UK Sport announced today that it was softening its "no compromise" approach and after Rio 2016 would award funding on the basis of more than just a sport's medal potential.
It follows a strategic review launched last October following criticism after the Government agency slashed funding for a number of sports because it was decided they were not meeting strict targets in terms of success on the international stage, including at the Olympic and Paralympic Games.
Among the sports to be affected were basketball, basketball, synchronised swimming, water polo, visually impaired football, goalball and wheelchair fencing.
Basketball subsequently had some level of funding restored but still short of what it was receiving.
There was criticism that UK Sport had failed to take into account the popularity of basketball among youngsters, particularly in inner cities, and were instead spending money on sports which had only a few participants.
UK Sport will continue to focus on sports with genuine medal prospects but for the first time - and following the public consultation - participation rates will also be taken into account.
Under the new criteria published today, UK Sport promised they will "explore wider impact factors (beyond medals) including number of medallists and participation levels in its measures of success".
But it insisted that awarding the majority of its £100 million ($159 million/€127.5 million) worth of funding so that Britain maintained its position among the world's most successful countries at the Olympics would remain its priority.
"UK Sport has proven its ability to deliver Olympic and Paralympic medal success over a period of 18 years, and it is essential that we continue to refine our investment policy to ensure we remain competitive on the world stage and deliver the best possible return on our investment while continuing to build on the system that helps our talented athletes achieve medal success," Liz Nicholl, chief executive of UK Sport, said here today.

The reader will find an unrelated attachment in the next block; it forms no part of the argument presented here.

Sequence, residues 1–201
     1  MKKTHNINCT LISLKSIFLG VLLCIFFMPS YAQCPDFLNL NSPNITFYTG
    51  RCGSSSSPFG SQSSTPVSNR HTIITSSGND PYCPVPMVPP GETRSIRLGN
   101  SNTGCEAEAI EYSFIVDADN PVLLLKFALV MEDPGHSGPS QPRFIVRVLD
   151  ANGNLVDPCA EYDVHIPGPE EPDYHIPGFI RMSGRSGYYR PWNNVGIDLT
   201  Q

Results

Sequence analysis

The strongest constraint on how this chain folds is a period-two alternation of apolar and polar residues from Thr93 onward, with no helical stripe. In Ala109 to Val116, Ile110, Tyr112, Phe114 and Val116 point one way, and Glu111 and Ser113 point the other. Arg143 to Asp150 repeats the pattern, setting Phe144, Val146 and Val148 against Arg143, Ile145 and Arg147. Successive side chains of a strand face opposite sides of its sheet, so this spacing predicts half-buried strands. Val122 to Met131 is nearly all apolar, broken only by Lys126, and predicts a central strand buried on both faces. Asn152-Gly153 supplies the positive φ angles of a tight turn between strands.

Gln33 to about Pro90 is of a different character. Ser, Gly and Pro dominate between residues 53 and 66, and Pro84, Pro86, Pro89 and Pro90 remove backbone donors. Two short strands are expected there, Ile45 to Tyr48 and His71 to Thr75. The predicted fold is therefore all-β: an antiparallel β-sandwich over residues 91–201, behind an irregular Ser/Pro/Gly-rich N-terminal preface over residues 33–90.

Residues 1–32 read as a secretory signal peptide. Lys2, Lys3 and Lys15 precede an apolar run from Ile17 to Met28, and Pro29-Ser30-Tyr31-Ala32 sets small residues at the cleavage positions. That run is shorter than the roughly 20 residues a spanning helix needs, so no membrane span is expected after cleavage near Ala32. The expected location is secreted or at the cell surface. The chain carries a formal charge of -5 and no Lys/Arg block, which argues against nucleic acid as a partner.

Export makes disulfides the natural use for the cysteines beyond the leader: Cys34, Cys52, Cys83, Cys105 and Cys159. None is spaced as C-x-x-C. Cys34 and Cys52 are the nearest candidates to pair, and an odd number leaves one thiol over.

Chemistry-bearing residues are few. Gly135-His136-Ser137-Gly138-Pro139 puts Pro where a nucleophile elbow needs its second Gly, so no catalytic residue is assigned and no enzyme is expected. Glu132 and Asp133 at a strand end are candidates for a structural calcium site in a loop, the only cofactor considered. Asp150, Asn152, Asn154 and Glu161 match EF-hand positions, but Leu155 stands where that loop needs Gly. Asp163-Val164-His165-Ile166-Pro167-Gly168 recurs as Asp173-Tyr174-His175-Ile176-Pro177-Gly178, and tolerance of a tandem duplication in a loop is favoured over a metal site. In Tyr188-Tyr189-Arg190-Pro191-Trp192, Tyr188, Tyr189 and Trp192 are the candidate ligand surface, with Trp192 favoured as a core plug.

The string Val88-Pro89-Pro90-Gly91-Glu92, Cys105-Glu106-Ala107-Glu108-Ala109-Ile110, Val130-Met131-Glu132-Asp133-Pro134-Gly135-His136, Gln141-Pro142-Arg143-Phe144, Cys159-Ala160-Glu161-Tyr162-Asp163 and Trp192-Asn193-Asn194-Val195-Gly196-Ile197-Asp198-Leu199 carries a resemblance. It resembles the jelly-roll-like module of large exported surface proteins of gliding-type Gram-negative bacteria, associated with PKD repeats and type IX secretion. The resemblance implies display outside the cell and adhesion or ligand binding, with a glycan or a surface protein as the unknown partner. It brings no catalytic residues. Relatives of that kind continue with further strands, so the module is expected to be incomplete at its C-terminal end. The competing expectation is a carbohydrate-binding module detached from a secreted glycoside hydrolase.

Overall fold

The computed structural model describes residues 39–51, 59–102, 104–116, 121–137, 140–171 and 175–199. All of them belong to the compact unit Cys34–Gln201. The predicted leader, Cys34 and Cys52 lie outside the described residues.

"We will always have to operate within finite resources, but we understand the desire from sports and partners in the sector, as well as the public, for us to be able to extend the impact of our investment into more sports.
"We will now work to develop a clear, prioritised and costed plan, in line with our Board's direction, and in collaboration with Government, to ensure we are ready to implement our new policy in time for the Tokyo Olympic and Paralympic investment cycle.
"While planning for Tokyo 2020, we will continue to provide our very best support to every potential medallist preparing for Rio, giving them the best possible chance to succeed and make the nation proud again next summer."
Another change is UK Sport will continue to invest in an eight year pathway, but will consider investing for a longer period of time where there is a performance need if finances allow.
The change is widely seen as helping team sports, like handball and water polo, where Britain had little presence before London 2012.
They were funded in the build-up to those Games but that was mostly cut afterwards without taking into account that the sports had started their programmes largely from scratch.
Since National Lottery funding was introduced following Atlanta 1996, where Britain won only one gold medal to be ranked 36th overall, there has been a dramatic increase in results.
At Sydney 2000 and Athens 2004 Britain were ranked 10th with 11 and nine gold medals respectively.
At Beijing they finished fourth with 19 gold medals and at London 2012 were third, behind only the United States and China, with 29 gold.
The consultation revealed 86 per cent of sport/partner and 70 per cent of public respondents endorse UK Sport continuing to focus on Olympic and Paralympic medal success as a key goal.
"The Board was impressed by the level and quality of engagement with UK Sport's strategic review from both the public and our sector partners," said Rod Carr, chairman of UK Sport.
"It demonstrated that UK Sport's role in delivering medal success is valued highly by our stakeholders and the British public, and that they'd like to see our investment reach even more aspiring athletes."
To read the full strategic review click here.
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November 2014: British Government announces u-turn in basketball funding row
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